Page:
Pachelbel Can Can Can

By Maxine Kwok Adams  -  14 October 2016

What does a classical musician do day in day out? Well for me being in the LSO means I spend most days comfortably surrounded by up to ninety musicians onstage or in the recording studio reading off sheet music that's just been composed for say a film, or symphonies that were composed perhaps hundreds of years ago that I may have played dozens of times. I engage my brain and my muscles, and after years of training they happily do their thing without too much worry. 


There are days however where you are pulled brusquely out of your comfort zone and thrust into a somewhat unfamiliar position. Rather as if you are happily ensconced in a polite game of whist with the cast of Downton Abbey and suddenly find yourself playing Twister with cannibals. 

Last week the lovely people down at Classic FM had teamed up with all the other Global radio partners for the amazing charity Make Some Noise which funds small projects for young people across the UK. There were many money-raising ideas such as "Dress loud day" (situation normal then) and the "Midsomerly Murders" play narrated by Stephen Fry that can be purchased as a CD or as a download. http://www.classicfm.com/radio/charity/make-some-noise-radio-play/#OhfPE24UmwsHHKlo.97  I was asked if I could possibly help out with Classic FM's six-hour Pachelbel Canon marathon to which I replied that I'd be more than happy to (visualising an orchestra with people dipping in and out to perform the famous work).

On arrival at Global HQ I began to suspect things were not quite as I might have envisaged when I discovered a small corner set up for live music which looked rather cosier than I had expected. Quick introductions were made - the Young British composer Thomas Hewitt-Jones  was brandishing a cello and a huge smile. Classic FM artist Ji Liu and I instantly recognised each other as we had previously communicated through Twitter (isn't social media fantastic?). Ji got comfortable at the keyboard, Thomas took a chair and I wondered when the other dozens of people were turning up and where they were going to stand.. As it was, five minutes later the cameras were rolling for a live stream through Facebook and I was winging my way through the Pachebel having not played it for, and I'm not exaggerating, decades.. As I squinted at the copy on the piano and made some of it up, (sorry Pachelbel) I was glad I had been playing the violin solidly for days.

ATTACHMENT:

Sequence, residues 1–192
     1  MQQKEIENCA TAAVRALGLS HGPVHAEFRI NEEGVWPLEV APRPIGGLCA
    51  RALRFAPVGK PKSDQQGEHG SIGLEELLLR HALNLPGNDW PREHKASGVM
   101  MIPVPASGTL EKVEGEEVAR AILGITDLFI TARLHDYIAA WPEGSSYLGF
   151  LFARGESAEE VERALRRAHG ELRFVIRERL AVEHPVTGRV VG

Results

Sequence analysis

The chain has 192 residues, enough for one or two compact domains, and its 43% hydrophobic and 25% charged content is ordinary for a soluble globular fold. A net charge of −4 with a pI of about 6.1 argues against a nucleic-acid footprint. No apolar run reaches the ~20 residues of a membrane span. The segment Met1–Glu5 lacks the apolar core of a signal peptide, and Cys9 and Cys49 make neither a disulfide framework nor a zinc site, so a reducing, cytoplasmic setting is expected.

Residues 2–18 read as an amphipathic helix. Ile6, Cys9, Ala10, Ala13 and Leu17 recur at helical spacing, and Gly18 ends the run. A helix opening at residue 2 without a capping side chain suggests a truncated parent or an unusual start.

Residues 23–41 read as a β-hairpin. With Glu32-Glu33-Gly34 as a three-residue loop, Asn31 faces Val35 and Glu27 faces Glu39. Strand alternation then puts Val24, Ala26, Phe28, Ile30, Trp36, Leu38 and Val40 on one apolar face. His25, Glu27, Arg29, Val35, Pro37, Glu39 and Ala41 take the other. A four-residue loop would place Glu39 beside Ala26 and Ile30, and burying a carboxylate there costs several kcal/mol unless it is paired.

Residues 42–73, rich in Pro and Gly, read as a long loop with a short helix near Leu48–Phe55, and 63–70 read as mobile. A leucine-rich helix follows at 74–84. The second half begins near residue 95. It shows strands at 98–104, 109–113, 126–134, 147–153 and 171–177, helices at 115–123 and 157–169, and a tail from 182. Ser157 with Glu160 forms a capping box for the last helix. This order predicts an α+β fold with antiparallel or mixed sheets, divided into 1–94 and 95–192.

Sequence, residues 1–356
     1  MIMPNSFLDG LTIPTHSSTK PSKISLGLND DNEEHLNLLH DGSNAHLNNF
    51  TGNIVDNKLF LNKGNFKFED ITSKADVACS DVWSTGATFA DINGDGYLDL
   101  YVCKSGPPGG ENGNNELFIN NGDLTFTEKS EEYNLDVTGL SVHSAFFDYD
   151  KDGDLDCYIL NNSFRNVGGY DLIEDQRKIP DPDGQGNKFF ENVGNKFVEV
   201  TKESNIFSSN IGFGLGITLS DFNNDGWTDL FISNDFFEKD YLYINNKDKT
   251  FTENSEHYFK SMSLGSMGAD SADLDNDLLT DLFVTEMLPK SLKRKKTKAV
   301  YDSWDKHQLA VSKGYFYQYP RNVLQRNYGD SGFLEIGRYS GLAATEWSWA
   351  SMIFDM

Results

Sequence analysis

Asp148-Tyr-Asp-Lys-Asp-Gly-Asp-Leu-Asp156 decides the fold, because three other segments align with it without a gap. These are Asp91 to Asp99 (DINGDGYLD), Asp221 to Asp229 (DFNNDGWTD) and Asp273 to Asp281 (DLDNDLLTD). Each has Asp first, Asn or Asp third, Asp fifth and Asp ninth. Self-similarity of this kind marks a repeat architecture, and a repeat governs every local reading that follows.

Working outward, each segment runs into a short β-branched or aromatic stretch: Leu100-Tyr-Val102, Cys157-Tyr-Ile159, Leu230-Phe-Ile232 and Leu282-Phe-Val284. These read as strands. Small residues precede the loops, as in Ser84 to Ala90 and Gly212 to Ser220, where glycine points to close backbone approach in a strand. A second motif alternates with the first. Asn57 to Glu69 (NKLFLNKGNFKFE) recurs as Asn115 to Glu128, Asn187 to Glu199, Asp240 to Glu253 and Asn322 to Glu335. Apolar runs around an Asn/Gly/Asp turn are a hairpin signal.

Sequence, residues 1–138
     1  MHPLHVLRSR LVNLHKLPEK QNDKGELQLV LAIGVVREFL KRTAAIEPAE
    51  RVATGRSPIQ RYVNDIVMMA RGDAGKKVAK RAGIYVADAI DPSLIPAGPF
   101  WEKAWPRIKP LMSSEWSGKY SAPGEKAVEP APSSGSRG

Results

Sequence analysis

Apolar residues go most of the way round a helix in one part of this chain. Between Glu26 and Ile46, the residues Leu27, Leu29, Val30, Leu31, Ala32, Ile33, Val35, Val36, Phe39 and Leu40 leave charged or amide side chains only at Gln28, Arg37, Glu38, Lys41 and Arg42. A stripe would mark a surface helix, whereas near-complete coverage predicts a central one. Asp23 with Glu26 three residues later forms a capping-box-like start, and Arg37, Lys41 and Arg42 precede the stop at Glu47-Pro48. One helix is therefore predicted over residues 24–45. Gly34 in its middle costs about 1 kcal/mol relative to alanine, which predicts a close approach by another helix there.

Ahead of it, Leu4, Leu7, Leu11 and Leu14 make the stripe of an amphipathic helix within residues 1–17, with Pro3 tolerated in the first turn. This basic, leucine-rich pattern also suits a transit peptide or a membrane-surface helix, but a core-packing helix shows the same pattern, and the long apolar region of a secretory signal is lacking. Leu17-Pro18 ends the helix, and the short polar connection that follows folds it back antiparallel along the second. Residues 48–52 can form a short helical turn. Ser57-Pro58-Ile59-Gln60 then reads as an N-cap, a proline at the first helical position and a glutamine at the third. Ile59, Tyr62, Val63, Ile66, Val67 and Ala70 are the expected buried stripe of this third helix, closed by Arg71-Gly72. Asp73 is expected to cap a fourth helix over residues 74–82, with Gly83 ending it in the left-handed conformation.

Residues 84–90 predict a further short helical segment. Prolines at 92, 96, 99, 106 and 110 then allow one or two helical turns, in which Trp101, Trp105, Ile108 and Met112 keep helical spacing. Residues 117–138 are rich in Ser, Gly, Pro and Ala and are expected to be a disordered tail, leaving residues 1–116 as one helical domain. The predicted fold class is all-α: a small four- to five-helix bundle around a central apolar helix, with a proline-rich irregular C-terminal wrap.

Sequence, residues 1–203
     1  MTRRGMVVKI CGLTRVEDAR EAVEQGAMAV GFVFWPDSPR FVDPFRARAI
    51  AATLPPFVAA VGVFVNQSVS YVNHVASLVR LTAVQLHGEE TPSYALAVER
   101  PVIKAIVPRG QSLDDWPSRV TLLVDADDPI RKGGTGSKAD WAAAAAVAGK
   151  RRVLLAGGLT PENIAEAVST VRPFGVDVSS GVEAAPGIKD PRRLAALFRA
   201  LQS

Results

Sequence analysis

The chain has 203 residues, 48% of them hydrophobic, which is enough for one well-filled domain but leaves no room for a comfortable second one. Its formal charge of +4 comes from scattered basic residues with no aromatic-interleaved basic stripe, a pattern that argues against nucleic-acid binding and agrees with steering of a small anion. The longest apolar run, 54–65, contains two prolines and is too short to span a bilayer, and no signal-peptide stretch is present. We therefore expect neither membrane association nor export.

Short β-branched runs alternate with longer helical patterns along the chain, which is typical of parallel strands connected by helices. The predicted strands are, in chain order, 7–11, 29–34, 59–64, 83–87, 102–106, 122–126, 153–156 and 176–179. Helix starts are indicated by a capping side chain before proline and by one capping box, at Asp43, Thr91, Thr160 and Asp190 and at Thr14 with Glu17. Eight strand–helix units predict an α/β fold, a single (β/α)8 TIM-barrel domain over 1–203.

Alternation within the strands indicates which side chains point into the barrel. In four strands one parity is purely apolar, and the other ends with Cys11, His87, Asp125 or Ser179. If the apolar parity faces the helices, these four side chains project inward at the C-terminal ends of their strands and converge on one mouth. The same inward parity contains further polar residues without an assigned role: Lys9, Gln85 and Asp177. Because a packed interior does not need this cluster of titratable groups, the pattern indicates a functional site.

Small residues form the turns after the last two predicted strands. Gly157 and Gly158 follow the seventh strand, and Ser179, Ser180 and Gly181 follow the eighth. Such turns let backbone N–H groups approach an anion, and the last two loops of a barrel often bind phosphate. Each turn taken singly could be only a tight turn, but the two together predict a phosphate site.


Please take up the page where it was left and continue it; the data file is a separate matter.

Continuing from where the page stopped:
One time through and our trio and the lovely peeps at Classic FM realised this wasn't going to get the punters staying tuned in so we quickly got hold of some popular song books (with some dodgy arrangements that we soon realised weren't working for us) and thought of another angle. From the get go it was obvious Thomas was stand-out amazing at improvisation as he listed off pieces to play and created seamless counter melodies. Ji was gamely downloading the music we called out at him on his phone and sight-reading like a demon.  I was at this point feeling somewhat of a fraud having not played these pieces (Monti's Czardas I had last performed at the age of thirteen - obviously I don't count accompanying the incredible Roby Lakatos in the LSO as performing it!) for a considerable amount of years and then trying to remember how they went made my brain go into complete overdrive. I breathed a sigh of relief when Elgar's Salut d'Amour was suggested but then the only copy Ji could download was in a different key and I couldn't see the phone screen anyway, so it was rather like rubbing my tummy and patting my head.